“We can’t comment on any specific expressions of interest, but it wouldn’t be strange if there are some who now express a renewed interest. There were a lot of potential buyers interested in the beginning of this process,” company spokesperson Gunilla Gustavs told the TT news agency.
When General Motors (GM) made it clear in February that Saab would have to survive on its own starting in 2010, around 30 bidders expressed an interest, ten of which were deemed worthy of further consideration.
After the Koenigsegg Group’s unexpected exit from the process, a number of names from the early stages of the sale process have emerged around the water coolers and cafés of an anxious Trollhättan, which stands to see its flagship company disappear if no buyer for Saab is found.
One such name is that of American banking group Merbanco. According to the Expressen newspaper, Merbanco CEO Christoffer Johnston has a plan for Saab already in place.
“Saab needs to build cars which buyers want and take care of its customers,” he said, according to the newspaper.
Johnston visited the Saab factory in Trollhättan over the summer and Merbanco was among the three prospective buyers which made it to the final round of consideration by the GM board.
In addition, Chinese automaker BAIC, which was set to become a partial owner of Saab under the terms of the scrapped Koenigsegg deal, is still interested in Saab, either as a partial or full owner.
“Both solutions are still possibilities,” Eddie Chen of Swedish investment promotion body Invest in Sweden Agency (ISA) told TT from his office in Beijing.
Chen spoke with BAIC CEO Wang Dazong following news of Koenigsegg’s withdrawal, and conversations have continued since then.
“We’ve discussed different alternatives, either that they take over completely or together with one or several others. My general impression is that they are still interested – but it’s still at an early stage,” said Chen.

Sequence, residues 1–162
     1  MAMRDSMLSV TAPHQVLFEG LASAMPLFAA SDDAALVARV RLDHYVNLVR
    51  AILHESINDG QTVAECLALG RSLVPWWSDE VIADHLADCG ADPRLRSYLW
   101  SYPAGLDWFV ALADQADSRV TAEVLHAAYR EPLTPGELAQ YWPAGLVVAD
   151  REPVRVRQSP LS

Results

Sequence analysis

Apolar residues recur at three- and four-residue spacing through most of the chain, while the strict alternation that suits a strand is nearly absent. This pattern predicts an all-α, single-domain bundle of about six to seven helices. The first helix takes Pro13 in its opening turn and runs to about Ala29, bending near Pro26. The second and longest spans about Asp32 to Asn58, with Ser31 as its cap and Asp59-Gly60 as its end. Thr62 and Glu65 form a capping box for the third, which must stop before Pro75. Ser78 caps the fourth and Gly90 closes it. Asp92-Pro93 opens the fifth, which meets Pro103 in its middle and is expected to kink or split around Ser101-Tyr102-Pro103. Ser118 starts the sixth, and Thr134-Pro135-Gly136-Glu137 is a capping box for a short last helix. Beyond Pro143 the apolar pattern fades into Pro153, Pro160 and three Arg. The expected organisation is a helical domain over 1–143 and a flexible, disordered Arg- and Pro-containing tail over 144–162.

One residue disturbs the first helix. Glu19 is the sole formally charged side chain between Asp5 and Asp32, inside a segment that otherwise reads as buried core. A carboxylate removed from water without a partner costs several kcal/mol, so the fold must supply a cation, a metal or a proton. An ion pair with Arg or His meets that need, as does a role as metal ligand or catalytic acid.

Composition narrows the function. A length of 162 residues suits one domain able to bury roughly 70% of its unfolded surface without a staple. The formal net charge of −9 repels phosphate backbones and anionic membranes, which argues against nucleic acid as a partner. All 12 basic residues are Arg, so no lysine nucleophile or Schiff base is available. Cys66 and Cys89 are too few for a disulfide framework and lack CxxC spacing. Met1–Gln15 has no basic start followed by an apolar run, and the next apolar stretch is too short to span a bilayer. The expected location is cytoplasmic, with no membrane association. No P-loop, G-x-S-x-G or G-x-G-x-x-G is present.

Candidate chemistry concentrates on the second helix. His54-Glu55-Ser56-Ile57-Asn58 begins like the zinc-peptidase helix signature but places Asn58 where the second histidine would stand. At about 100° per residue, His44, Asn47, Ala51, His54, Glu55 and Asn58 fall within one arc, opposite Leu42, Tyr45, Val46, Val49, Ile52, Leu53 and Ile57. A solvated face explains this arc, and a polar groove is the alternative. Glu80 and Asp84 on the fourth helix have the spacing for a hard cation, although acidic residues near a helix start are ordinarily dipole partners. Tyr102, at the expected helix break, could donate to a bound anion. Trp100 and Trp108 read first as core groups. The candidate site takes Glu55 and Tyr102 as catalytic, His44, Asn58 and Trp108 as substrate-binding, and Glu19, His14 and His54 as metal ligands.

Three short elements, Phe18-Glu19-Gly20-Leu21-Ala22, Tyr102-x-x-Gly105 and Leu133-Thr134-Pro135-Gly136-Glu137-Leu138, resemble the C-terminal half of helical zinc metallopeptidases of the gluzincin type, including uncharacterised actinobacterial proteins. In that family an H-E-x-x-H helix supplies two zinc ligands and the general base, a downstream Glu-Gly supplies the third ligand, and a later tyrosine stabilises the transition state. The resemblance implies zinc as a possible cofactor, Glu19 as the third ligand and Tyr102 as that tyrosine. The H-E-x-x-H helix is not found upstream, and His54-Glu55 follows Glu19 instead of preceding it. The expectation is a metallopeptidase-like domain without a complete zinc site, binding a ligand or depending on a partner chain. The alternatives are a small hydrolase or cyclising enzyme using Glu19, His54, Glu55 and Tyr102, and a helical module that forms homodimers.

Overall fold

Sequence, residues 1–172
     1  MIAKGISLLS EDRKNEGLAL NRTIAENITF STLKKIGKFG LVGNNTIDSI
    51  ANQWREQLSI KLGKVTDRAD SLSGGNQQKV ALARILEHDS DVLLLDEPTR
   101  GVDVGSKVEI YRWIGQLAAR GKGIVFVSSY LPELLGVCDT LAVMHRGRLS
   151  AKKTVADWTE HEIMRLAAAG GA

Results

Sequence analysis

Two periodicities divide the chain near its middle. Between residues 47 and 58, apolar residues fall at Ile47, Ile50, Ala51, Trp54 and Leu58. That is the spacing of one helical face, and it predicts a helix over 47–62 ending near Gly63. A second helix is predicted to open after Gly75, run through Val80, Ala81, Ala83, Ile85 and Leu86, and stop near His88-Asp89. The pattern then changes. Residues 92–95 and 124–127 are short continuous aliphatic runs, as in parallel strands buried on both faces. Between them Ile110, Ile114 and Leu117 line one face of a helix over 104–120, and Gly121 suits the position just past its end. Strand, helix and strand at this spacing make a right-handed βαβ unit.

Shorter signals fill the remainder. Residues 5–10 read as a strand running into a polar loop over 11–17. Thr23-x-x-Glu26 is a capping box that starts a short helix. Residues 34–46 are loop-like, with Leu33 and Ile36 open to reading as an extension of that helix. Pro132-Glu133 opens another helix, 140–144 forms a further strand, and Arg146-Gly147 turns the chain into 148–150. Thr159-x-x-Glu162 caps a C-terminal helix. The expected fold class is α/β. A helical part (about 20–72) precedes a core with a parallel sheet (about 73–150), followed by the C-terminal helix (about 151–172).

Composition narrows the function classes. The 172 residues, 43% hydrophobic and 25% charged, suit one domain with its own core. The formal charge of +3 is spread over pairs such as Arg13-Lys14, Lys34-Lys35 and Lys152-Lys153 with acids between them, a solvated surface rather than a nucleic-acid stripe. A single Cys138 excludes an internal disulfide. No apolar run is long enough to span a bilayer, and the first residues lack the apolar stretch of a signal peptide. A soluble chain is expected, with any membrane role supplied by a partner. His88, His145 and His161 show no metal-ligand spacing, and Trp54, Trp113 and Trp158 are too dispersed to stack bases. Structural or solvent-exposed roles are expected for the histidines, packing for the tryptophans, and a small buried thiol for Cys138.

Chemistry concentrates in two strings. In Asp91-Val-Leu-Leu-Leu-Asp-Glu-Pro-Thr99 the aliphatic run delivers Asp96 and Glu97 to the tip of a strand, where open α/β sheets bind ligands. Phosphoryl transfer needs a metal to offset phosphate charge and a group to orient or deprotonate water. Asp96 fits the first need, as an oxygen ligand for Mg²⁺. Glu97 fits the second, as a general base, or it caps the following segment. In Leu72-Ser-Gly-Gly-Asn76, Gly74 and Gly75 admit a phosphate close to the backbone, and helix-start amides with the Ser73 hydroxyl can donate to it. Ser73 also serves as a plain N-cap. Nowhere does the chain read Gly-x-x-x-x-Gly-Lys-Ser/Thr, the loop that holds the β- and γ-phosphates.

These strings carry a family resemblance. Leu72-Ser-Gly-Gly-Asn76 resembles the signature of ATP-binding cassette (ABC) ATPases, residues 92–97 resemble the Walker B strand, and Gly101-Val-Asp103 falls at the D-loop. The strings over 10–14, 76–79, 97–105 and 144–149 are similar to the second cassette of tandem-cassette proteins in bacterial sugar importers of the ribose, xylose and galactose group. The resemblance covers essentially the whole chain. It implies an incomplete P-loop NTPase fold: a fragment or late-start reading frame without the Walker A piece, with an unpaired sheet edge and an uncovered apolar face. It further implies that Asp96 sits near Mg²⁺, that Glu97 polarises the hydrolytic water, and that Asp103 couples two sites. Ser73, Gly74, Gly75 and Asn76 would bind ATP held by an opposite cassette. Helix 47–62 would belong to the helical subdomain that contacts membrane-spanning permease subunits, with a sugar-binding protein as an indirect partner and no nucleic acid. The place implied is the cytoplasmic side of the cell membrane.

“They’re open to all suggestions, then we’ll see what happens.”
Chen also confirmed that ISA has spoken with other Chinese automakers about Saab since Koenigsegg abandoned its plans to buy the troubled Swedish brand.
However, he refused to elaborate on what specific companies he’d contacted.
“I can’t say so much right now,” said Chen.
Soon the board of GM will meet once again to assess potential buyers and decide whether or not Saab will be shut down or sold.
Saab’s fate is likely to be near the top of the agenda when the board of the US automaker meets next Tuesday.
And according to Gustavs, Saab has been promised a decision about the next step for the company.
“We don’t know how concrete it will be, but discussions should result in some sort of indication,” she told TT.
At the same time, the impending GM board meeting has prompted another meeting of the Saab Automobile leadership group in Trollhättan.
“The work involved with preparing a sale is quite substantial,” said Gustavs.
“Here we are, ready to push the button, but as of yet we don’t know what’s going to happen.”